Silver Screen: Nebraska ****1/2
Of the two dysfunctional-family movies dominating awards season, it’s the quieter, gentler Nebraska that’s the most memorable. It’s a wry, generously paced movie that languidly doles out bone-dry comedy and keeps its drama understated, but director Alexander Payne finds great resonance within his small story. The far more hysterical August: Osage County prefers its truths screamed and slurred. The ferocity of an idea’s projection doesn’t necessarily expand its profundity, although this adaptation of Tracy Letts’s Pulitzer Prize-winning play does make a case for sheer ferocity. The blistering dialogue alone makes it worth watching, even if the brutal musicality of the language significantly trumps the insights it carries.
Both movies feature aging alcoholic men fleeing domineering matriarchs, but Nebraska’s Woody (Bruce Dern) never gets too far. He’s in ill health and can walk no more than a few miles from his home in Billings, Montana, before his dutiful son David (Will Forte) tracks him down and urges him into his car. Woody is walking because he’s convinced a misleading piece of junk mail soliciting magazine subscriptions is actually the million-dollar grand prize-winning sweepstakes ticket it claims to be. He doesn’t trust the U.S. mail with the golden ticket, and his short-tempered wife Kate (June Squibb) won’t drive him to the processing facility in Lincoln, Nebraska, so he plans to make his own way.
David can’t convince the old man the letter is a scam, but he decides they need some quality time together and agrees to drive Woody to Lincoln. Along they way they visit relatives in a nearby small town, and David learns hidden truths about his parents’ life the repressed family has never shared.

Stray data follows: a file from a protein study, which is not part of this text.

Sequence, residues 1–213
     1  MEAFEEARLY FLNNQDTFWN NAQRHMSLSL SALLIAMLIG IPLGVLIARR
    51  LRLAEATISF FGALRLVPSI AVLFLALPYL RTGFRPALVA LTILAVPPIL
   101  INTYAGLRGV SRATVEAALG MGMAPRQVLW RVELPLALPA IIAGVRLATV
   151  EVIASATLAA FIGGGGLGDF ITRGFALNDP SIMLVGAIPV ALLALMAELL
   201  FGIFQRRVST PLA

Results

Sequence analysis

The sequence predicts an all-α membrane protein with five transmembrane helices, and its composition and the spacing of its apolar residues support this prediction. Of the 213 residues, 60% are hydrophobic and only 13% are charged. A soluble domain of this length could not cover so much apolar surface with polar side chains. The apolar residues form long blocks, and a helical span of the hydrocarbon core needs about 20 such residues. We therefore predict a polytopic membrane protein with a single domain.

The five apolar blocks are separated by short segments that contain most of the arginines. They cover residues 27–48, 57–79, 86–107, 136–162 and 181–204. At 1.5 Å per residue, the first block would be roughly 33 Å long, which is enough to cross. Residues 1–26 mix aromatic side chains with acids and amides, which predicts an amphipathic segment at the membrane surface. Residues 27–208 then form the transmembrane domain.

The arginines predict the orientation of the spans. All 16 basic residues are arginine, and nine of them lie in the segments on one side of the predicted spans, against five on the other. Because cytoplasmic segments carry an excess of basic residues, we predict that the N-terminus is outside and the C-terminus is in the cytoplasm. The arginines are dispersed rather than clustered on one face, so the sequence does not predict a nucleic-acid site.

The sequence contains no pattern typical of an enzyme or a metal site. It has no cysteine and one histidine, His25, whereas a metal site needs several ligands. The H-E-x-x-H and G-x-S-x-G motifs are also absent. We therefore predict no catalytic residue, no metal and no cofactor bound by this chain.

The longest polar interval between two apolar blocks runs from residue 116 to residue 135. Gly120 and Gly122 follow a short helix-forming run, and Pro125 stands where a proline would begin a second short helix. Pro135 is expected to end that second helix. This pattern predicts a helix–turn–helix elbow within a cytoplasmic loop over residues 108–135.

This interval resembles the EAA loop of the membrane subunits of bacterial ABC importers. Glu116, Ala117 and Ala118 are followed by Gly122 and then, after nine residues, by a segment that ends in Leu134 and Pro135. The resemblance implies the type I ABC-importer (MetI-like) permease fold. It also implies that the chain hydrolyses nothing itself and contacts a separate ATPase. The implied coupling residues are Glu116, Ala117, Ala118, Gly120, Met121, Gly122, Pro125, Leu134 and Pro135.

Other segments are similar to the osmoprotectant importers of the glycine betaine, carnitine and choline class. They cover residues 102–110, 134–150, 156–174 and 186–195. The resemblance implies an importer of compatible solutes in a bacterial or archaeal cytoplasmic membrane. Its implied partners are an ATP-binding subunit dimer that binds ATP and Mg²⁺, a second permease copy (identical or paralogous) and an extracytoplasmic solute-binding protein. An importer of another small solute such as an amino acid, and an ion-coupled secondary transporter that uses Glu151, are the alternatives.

A black-and-white movie about a delusional, aging alcoholic digging up family secrets sounds morose at best, if not downright bleak, but director Payne treats the material with a light touch. The original screenplay from Bob Nelson is full of keen observances about the rhythms of small-town Midwestern family life. The scene in which the group of older men, relatives reunited after decades apart, sit in near silence and watch football is pitch-perfect, as compactly funny and straightfaced as a Bob Newhart routine.
Woody is no rager, but a taciturn beer-guzzler who turns inward because everybody seems to want something from him. Dern plays him as cantankerous but not cartoonishly grizzled, soulful but not self-aware. He’s no Bad Grandpa, although his honesty does come out in hilarious spurts, as when David tentatively asks if he’s ever regretted getting married and Woody shoots back, unhesitating, “Oh, yeah, all the time,” before qualifying it with the followup, “But it’s not so bad.”
Forte and Dern make a nice pair. The former makes a significant departure from his Saturday Night Live persona. He was one of the show’s odder, more outlandish performers, and his only other starring vehicle was the fantastically strange—and underrated— MacGruber. But the guy best known for playing enthusiastic weirdos is convincing as a sympathetic but frustratingly passive Midwesterner. Dern is always the focal point, but Forte is the audience’s surrogate.
Compelling as Dern is, he’s nearly upstaged by Squibb, who steals her handful of scenes and makes the movie’s most surprising transformation. The supporting cast is rounded out by a wonderfully unlikable Stacy Keach, the always welcome SIU alum Bob Odenkirk, and a dash of broad comic relief from Devin Ratray and Tim Driscoll as David’s gleefully clueless cousins. Much of the rest of the cast is filled out with decidedly non-Hollywood types who lend an extra air of verisimilitude to Payne’s warm, thoughtful film, one of 2013’s best.
Follow Bryan Miller on Twitter@bmillercomedy.